One of the greatest things about owning a JNCs is its reliability. Think that’s boring? Well, while macchine nostalgico Italiano owners are leaking vital fluids, Deutsch nostalgischen auto owners are trying to figure out why you need to remove the transmission to change a bulb, and British reminiscing motorcar owners are studying for Master’s degrees in electrical engineering, JNC owners are out there driving their cars. We’re so cocky, we sometimes even willfully abuse our cars, knowing they’ll just roll with the punches.
What’s your best tale of JNC indestructibility?
What say you, dear reader? As always, the most entertaining comment by next Monday will receive a prize. Scroll down to see the winner of last week’s QotW, “What once-common car has suddenly disappeared?”
There were a great many answers this week, ranging from Clark McCrery‘s very specific suggestion of a tuned 9-second Supra to Killer Bee‘s blanket statement of any 80s or 90s Mitsubishi. However, in the end it was mrbill‘s comment that had just the right balance of humor, reasoning and proper grammar:
Maybe the heavy-handed Honda heaven depicted in the lead-pic is stirring my subconscious thought on this one, but one ride I used to see everywhere was the funky little bean known as the Honda Del Sol. I realize it has not yet reached nostalgic status, but it answers the question.
These weird little Hondas used to be thick like gnats in my part of Oklahoma, which is crazy because they’re pointless little cars that don’t offer you anything you can really use. Not even a back seat! Man did people love them though.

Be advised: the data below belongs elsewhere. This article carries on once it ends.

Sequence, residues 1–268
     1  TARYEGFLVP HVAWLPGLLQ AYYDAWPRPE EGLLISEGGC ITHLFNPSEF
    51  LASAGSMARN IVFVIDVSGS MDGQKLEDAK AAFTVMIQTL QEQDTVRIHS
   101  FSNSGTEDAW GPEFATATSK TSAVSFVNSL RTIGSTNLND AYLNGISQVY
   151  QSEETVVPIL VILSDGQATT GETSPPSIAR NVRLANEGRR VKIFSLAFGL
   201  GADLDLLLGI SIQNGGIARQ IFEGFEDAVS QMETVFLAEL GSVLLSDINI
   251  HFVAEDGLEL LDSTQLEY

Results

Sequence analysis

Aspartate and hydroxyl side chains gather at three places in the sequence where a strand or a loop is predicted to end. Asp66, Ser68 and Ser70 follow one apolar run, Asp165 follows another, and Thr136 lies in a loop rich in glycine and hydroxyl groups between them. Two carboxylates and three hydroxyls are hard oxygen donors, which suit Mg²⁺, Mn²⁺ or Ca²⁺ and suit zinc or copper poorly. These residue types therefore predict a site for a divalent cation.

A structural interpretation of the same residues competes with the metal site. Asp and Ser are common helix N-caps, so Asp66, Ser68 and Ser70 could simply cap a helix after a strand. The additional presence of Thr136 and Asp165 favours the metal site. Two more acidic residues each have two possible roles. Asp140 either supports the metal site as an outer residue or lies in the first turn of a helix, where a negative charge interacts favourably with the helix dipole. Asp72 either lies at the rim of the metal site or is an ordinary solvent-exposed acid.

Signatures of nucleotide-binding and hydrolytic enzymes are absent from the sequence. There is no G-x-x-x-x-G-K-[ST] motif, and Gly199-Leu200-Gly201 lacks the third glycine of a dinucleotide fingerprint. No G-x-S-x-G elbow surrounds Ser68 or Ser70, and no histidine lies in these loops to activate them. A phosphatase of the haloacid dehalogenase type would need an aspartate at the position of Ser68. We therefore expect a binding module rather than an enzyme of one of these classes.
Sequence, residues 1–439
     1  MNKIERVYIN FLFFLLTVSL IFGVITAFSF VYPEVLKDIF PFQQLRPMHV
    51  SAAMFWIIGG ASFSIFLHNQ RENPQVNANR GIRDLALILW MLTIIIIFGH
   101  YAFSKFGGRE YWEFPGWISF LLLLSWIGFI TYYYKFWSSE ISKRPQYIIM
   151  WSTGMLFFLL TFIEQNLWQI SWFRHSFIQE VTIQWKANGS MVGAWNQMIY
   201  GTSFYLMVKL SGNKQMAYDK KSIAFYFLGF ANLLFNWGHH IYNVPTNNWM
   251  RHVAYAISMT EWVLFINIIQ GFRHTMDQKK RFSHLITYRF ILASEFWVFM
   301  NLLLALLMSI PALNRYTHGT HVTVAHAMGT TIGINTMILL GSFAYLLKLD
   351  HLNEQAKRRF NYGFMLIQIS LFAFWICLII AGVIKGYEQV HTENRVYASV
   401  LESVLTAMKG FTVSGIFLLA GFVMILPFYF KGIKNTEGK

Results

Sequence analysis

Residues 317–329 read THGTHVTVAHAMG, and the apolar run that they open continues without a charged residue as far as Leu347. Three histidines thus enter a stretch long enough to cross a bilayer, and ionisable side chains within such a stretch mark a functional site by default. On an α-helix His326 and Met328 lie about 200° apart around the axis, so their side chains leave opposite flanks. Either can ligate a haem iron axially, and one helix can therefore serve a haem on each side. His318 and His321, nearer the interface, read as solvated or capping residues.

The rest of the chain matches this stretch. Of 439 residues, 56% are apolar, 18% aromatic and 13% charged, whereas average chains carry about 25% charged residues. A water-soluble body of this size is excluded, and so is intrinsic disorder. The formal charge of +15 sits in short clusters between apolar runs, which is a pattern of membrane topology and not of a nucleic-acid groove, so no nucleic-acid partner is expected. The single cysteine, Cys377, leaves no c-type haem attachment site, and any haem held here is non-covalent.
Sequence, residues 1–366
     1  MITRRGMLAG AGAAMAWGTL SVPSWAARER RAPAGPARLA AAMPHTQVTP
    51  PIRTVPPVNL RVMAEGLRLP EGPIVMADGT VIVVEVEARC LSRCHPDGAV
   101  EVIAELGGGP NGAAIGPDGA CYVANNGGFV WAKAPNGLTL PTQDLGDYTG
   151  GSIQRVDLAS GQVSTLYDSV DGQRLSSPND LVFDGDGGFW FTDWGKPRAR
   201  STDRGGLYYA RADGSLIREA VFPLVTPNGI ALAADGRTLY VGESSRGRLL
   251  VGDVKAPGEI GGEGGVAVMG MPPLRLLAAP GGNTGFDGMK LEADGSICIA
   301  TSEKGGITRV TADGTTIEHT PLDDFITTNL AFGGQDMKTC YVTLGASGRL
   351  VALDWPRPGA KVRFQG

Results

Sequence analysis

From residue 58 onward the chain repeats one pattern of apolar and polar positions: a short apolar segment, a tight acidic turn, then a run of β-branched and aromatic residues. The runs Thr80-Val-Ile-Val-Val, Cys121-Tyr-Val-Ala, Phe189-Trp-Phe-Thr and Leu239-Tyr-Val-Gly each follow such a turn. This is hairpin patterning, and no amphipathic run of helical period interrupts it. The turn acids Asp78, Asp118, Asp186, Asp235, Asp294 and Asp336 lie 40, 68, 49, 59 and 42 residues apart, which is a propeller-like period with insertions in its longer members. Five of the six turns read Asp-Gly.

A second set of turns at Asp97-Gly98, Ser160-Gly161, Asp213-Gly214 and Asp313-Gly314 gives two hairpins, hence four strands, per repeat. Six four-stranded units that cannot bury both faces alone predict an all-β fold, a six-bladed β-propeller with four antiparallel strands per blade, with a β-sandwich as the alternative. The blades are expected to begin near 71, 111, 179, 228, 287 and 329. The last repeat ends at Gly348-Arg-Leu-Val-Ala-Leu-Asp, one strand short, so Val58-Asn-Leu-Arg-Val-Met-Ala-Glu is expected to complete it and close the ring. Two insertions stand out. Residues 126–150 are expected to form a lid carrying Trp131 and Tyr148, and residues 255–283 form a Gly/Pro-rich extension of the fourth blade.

For a solid few weeks in the Spring and Fall you could actually pull the top off and enjoy the windy, sun-filled sky. The rest of the year it was either ball-drippingly hot or snot-freezingly cold.
Here’s to Joe! My weird little brother that loved his blue Del Sol enough to try and give it some life via an internet purchased cold-air intake.
I haven’t seen one on the road for some time…maybe that’s a good thing.
Omedetou, your comment has earned you a set of decals from the JNC Shop!
Images courtesy of Top Gear, Honda.
A half ton of cinder blocks stuffed into one Tercel Wagon my friend did once years ago. It surprisingly handled it well for several miles.
In the early-1980s, after high school, before the majority of the JNC readers were even born, or maybe before their parents were born, I had my ’71 Toyota Corolla wagon on the ice-racing track on the Lake Superior harbor in Duluth, MN. It was an off-time when the track wasn’t officially open, and, in fact I wasn’t supposed to be out there.